Every week, I write a blog post written in first-person diary format. You’ll always find personal pictures attached that relate to the diary entry’s theme. In this particular blog post, I talk about how ANYBODY with a disability can feel like Royalty. Take a minute to read some tips and tricks!
The prestigious Mom’s Choice Awards panel of judges have bestowed 2013 silver medal status to “The Princess and the Ruby: An Autism Fairy Tale” in the category “Children’s Picture Books: Specialized Concepts / Differently Abled”. Authored by moi, and illustrated by the ever-talented, Richa Kinra. The book beat out many hopefuls as the best in family-friendly media, products, and services. Thank you, Mom’s Choice Awards!!!!
The prestigious Mom’s Choice Awards panel of judges have bestowed 2013 silver medal status to “Cinderella’s Magical Wheelchair” in the category “Children’s Picture Books: Inspirational / Motivational”. Authored by moi, and illustrated by the ever-talented, Richa Kinra. The book beat out many hopefuls as the best in family-friendly media, products, and services. Thank you, Mom’s Choice Awards!!!!
Hey! I’m Jewel Kats. Welcome to my site. Stay awhile, and check me out 😉
- About the Author
- Frequently Asked Questions about Jewel
- Jewel’s Gallery
- Contact me
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My books: (view complete catalog here)
- Hansel and Gretel: A Fairy Tale with a Down Syndrome Twist (illus. Claudia Marie Lenart)
- Prince Preemie: A Tale of a Tiny Puppy Who Arrives Early (illus. Claudia Marie Lenart)
- Jenny and Her Dog Both Fight Cancer: A Tale of Chemotherapy and Caring (illus. Claudia Marie Lenart)
- Miss Popular Steals the Show: Girls in Wheelchairs Rule!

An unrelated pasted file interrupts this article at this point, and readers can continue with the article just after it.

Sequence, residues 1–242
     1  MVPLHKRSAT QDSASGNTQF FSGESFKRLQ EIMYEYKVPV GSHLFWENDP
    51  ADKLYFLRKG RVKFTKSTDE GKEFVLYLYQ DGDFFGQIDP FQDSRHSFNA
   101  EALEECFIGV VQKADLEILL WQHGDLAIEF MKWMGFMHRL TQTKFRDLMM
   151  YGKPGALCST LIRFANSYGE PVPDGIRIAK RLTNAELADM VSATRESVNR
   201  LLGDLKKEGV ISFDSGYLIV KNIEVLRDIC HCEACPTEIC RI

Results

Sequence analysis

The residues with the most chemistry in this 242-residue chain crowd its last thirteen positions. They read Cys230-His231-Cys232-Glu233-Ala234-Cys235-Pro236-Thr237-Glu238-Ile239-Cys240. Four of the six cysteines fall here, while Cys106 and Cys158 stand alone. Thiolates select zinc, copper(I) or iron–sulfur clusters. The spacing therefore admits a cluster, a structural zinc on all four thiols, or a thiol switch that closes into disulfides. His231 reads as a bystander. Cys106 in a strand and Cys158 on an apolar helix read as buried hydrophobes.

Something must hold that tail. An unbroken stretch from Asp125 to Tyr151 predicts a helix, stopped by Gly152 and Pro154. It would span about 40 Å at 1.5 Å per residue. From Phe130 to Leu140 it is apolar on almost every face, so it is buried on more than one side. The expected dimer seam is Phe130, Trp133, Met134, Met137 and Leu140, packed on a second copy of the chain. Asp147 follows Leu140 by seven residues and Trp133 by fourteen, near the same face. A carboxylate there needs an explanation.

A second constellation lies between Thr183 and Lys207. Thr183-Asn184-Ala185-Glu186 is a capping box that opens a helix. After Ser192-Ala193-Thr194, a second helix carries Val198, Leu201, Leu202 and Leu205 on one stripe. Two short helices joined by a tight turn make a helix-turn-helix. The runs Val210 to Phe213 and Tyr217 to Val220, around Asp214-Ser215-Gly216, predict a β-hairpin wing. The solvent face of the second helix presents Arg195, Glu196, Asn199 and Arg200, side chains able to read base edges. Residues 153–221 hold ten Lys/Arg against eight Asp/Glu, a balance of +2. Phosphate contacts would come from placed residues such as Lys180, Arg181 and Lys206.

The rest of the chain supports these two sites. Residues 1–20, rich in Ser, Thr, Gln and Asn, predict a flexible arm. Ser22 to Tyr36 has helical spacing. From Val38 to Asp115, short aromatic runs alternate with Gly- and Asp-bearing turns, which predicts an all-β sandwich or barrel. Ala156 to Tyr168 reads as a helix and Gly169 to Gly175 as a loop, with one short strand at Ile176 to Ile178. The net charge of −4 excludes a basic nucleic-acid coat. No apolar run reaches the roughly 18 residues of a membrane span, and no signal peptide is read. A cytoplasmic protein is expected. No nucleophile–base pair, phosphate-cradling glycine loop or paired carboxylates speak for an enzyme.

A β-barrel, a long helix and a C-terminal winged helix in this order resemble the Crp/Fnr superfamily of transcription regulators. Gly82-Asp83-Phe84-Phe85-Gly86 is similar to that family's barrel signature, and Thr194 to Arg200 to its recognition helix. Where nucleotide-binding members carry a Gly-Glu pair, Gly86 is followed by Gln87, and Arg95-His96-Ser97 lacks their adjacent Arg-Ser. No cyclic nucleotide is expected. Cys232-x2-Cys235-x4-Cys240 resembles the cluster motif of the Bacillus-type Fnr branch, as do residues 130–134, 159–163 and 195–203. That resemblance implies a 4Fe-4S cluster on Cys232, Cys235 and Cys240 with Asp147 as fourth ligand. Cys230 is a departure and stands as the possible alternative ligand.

- The Princess Panda Tea Party: A Cerebral Palsy Fairy Tale
- Snow White’s Seven Patches: A Vitiligo Fairy Tale
- DitzAbled Princess: A Comical Diary
- The Princess and the Ruby: An Autism Fairy Tale
- What do I use to help my body?
- Reena’s Bollywood Dream
- Cinderella’s Magical Wheelchair
- Teddy Bear Princess
- Word Search Divas
In the East Indian culture, sex doesn’t happen. Yeah, right. Childhood sexual abuse? Double, yeah right. Reality is: These things do happen. They just aren’t talked about.
To an outsider, this tidbit of information may be surprising. After all, Indian women showcase their sexy midriffs via short sari blouses. Bollywood movies are jam-packed with provocative dance numbers. Better yet, India boasts one of the world’s highest populations. So, what’s up with all the secrecy?
“Dirty” subjects just aren’t talked about. Family honor is not only demanded, but considered empowering for the unit involved. Speaking against your relatives not only makes you a repulsive black sheep, but also a despicable ingrate. Admitting you’re not a virgin–or at the very least physically untouched—by marriage limits your marital prospects.
Now, don’t get me wrong. Not every Indian family on this beautiful green planet feels this way. I’m referring to ultra traditional folks. Progressive, enlightened individuals know that childhood sexual abuse is never a kid’s fault. Speaking about it isn’t disgusting, but rather healing. It’s really all this “secrecy” that keeps the evil wheels of childhood sexual abuse turning. It’s time we put a stop to this.
This is precisely why I wrote my children’s picture book, “Reena’s Bollywood Dream: A Story About Sexual Abuse.” Currently, there are no other childhood sexual abuse books featuring a South Asian character out in the market. Which is surprisingly, considering how often childhood sexual abuse happens.Over the years, I’ve been blessed with many close relationships with female South Asian family members and friends. Think: Indian. Think: Pakistani. Think: Bangladeshi. And, the list goes on. These women have confided in me time-and-time again. Sometimes, about boy crushes. Sometimes, about crazy co-workers. Sometimes, about childhood sexual abuse. Shockingly, all of these brazen, successful women never spoke up. Apart from me, nobody knows their story. Not even a therapist.
“Reena’s Bollywood Dream: A Story About Sexual Abuse” is all about giving childhood sexual abuse current victims and post survivor’s a voice. It’s to admit that, yes, sexual abuse does happen in multicultural households, too. It’s a story about prevention. It’s a story about hope. It’s a story for YOU.